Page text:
The instant appeal concerns the denial by the District Court, in an unpublished order entered April 11, 2007, of the Uzans' motion for post-judgment relief pursuant to Rule 60(b) of the Federal Rules of Civil Procedure.2 See Motorola Credit Corp. v. Uzan, No. 02 Civ. 0666, 2007 WL 1098689, 2007 U.S. Dist. LEXIS 27377 (S.D.N.Y. April 11, 2007). The Uzans sought three forms of relief from the District Court: (1) a reduction in the judgment for compensatory damages awarded to Motorola and Nokia, equal to the sums plaintiffs have recovered in settlement agreements with the Turkish Savings Deposit Insurance Fund (" SDIF" ), which seized control of Telsim in 2004; (2) a discharge of the compensatory damages awarded to Motorola because Motorola has assigned its contract claims against Telsim to Bayindirbank, a bank controlled by the Republic of Turkey; and (3) an end to a permanent injunction, imposed pursuant to the District Court's July 31, 2003 Opinion and Order, see Uzan III, 274 F.Supp.2d at 581-82. On appeal, the Uzans argue that the District Court erred in denying all three forms of relief.
Rule 60(b) provides " a mechanism for extraordinary judicial relief [available] only if the moving party demonstrates exceptional circumstances," Ruotolo v. City of New York, 514 F.3d 184, 191 (2d Cir.2008) (internal quotation marks omitted), and relief under the rule is discretionary, see Fed.R.Civ.P. 60(b)(5) (" On motion and just terms, the court may relieve a party or its legal representative from a final judgment, order, or proceeding, for the following reasons: ... (5) the judgment has been satisfied, released or discharged; it is based on an earlier judgment that has been reversed or vacated; or applying it prospectively is no longer equitable." (emphasis added)). We therefore review the denial of a Rule 60(b) motion for abuse of discretion. See, e.g., Ruotolo, 514 F.3d at 191; cf. Sims v. Blot, 534 F.3d 117, 132 (2d Cir.2008) (" A district court has abused its discretion if it based its ruling on an erroneous view of the law or on a clearly erroneous assessment of the evidence, or rendered a decision that cannot be located within the range of permissible decisions." (citations and internal quotation marks omitted)).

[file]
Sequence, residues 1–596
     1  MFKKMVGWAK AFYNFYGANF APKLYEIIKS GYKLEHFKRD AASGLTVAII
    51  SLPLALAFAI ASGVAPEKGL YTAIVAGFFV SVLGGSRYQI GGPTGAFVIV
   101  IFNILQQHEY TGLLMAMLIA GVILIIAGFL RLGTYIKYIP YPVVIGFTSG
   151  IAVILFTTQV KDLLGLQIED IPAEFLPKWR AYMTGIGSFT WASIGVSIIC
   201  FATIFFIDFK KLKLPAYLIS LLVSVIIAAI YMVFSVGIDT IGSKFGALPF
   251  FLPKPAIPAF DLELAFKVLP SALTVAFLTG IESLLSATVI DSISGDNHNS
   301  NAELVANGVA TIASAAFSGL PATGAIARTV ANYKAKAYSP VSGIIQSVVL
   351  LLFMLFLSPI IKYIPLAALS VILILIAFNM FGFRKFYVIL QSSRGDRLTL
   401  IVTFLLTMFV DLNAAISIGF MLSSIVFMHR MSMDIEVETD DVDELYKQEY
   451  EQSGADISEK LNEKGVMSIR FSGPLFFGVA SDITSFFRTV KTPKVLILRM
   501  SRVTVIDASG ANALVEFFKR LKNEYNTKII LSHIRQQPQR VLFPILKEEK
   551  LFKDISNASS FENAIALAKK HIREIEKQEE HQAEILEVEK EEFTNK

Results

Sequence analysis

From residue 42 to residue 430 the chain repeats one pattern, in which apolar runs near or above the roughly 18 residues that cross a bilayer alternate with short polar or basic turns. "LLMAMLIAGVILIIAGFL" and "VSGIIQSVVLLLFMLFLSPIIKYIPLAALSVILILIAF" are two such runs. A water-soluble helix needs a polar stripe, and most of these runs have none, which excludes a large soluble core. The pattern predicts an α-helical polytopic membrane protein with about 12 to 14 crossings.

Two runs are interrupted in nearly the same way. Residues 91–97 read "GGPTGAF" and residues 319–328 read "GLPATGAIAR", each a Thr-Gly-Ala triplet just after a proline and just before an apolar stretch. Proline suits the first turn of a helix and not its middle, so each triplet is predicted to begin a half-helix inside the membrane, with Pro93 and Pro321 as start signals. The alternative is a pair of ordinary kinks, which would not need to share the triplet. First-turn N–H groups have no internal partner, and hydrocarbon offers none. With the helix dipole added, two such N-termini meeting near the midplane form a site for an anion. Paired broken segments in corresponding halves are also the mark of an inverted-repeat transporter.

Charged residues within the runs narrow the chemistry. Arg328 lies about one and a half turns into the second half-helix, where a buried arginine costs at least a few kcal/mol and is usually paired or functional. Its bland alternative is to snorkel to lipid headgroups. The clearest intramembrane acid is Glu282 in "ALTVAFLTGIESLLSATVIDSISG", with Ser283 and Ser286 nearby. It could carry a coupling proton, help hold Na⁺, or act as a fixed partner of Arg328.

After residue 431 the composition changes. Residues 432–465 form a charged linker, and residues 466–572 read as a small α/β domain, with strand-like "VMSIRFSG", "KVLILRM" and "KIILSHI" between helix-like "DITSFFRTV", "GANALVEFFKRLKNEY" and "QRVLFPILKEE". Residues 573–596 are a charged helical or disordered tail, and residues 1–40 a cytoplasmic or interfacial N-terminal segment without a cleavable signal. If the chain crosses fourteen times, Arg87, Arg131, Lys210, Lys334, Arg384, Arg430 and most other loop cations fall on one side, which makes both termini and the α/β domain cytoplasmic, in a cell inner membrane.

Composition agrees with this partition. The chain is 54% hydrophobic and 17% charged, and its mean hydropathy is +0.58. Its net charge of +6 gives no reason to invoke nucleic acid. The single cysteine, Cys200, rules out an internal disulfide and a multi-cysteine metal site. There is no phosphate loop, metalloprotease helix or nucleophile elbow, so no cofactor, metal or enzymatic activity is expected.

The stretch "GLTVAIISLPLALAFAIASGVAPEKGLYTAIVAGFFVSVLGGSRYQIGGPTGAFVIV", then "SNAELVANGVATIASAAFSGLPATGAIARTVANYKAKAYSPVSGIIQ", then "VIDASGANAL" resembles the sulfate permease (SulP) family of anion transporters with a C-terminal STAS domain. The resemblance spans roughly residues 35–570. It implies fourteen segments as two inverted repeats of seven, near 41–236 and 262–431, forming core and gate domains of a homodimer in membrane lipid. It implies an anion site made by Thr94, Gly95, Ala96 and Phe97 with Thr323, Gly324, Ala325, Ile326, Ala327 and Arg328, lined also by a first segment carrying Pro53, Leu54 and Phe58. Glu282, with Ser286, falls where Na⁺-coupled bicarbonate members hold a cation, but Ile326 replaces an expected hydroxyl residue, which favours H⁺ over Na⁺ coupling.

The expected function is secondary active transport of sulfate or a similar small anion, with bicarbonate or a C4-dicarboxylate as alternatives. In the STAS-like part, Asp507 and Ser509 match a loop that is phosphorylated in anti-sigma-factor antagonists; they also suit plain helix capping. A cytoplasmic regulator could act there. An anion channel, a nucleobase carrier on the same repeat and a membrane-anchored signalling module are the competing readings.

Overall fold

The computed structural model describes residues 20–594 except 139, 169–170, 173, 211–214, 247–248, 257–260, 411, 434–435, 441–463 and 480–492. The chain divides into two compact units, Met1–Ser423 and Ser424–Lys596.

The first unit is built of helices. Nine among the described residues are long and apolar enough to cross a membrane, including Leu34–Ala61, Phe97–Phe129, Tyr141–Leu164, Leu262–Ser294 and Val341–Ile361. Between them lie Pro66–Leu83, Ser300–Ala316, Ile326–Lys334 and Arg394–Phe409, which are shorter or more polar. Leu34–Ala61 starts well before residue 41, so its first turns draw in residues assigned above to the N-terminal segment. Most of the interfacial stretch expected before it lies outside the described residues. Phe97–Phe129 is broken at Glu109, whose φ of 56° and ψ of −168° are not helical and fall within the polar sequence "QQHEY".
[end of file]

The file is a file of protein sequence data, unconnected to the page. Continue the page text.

A. Reduction of Judgment for Compensatory Damages
As the District Court found, Motorola and Nokia have settled certain contractual
claims with Telsim, acting through SDIF, and each plaintiff has received cash payments from Telsim that, together, exceed $1.2 billion. Plaintiffs have " set off" these amounts against their judgments, " resulting in a pro tanto reduction in the amounts owed by the Individual Defendants," who still owe " hundreds of millions" in damages. Motorola Credit Corp., 2009 WL 819041, at *2, 2007 U.S. Dist. LEXIS 27377, at *2. The Uzans argue that " [a] district court must reduce a judgment under ...Rule 60(b)(5)... if the plaintiff's injury has been fully or partially satisfied by another judgment or settlement." Appellant's Br. at 25 (emphasis added). They further posit that plaintiffs' set-off is unreliable because there is a risk that plaintiffs will apply their settlement compensation to the punitive, instead of compensatory, portions of the judgment entered against the Uzans.
The discretionary relief available under Rule 60(b) is equitable. See Fed.R.Civ.P. 60(b)(5) (stating that a " court may relieve a party or its legal representative from a final judgment ... [where, inter alia,] applying it prospectively is no longer equitable " (emphasis added)); 12 James Wm. Moore et al., Moore's Federal Practice § 60.22 (3d ed. 2008) (" The relief provided by Rule 60(b) is equitable in nature and, in exercising its discretion under Rule 60(b), a court may always consider whether the moving party has acted equitably." ) (collecting cases)...
To continue readingFREE SIGN UP